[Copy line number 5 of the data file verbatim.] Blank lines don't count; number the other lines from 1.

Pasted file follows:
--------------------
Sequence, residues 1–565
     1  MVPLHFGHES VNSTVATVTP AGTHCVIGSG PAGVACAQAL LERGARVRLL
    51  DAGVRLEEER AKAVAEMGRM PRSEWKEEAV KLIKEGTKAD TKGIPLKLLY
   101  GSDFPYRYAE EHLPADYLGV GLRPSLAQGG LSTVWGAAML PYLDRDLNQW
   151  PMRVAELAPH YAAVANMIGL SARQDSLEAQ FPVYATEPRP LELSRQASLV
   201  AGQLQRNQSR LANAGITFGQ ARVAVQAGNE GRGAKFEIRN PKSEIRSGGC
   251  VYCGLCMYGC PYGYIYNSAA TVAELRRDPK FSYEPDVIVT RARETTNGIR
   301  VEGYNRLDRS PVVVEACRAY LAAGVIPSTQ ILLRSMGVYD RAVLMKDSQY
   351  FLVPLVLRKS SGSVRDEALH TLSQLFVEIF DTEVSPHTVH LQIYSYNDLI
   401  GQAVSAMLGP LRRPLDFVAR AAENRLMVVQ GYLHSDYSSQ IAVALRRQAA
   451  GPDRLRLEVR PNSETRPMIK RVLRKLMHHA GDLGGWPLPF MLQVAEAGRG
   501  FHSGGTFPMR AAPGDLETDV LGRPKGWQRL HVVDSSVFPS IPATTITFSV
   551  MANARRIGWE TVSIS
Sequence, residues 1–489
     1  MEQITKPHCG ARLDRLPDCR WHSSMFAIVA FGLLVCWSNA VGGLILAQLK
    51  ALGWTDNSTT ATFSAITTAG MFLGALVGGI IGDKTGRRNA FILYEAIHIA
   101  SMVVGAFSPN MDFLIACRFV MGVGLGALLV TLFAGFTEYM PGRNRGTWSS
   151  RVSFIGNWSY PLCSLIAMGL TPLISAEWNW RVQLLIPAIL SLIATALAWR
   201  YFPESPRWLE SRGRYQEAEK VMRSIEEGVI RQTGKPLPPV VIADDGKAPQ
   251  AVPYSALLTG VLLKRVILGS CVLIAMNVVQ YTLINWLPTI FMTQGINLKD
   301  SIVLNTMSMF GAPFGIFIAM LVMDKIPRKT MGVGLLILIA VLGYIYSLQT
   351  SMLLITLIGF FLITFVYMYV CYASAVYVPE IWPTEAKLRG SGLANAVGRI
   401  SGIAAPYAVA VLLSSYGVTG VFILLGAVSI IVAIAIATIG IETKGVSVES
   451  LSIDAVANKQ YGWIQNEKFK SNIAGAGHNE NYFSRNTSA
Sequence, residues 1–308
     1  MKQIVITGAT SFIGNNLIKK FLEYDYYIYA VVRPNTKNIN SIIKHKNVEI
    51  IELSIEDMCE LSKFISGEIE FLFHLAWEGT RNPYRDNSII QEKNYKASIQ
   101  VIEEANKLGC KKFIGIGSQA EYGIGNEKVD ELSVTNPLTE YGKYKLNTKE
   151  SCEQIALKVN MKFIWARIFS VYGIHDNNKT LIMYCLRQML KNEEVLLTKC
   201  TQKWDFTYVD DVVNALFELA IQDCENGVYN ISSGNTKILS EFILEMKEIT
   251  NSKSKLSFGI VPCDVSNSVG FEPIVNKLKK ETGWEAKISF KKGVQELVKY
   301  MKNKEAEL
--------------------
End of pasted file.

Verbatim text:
   151  PMRVAELAPH YAAVANMIGL SARQDSLEAQ FPVYATEPRP LELSRQASLV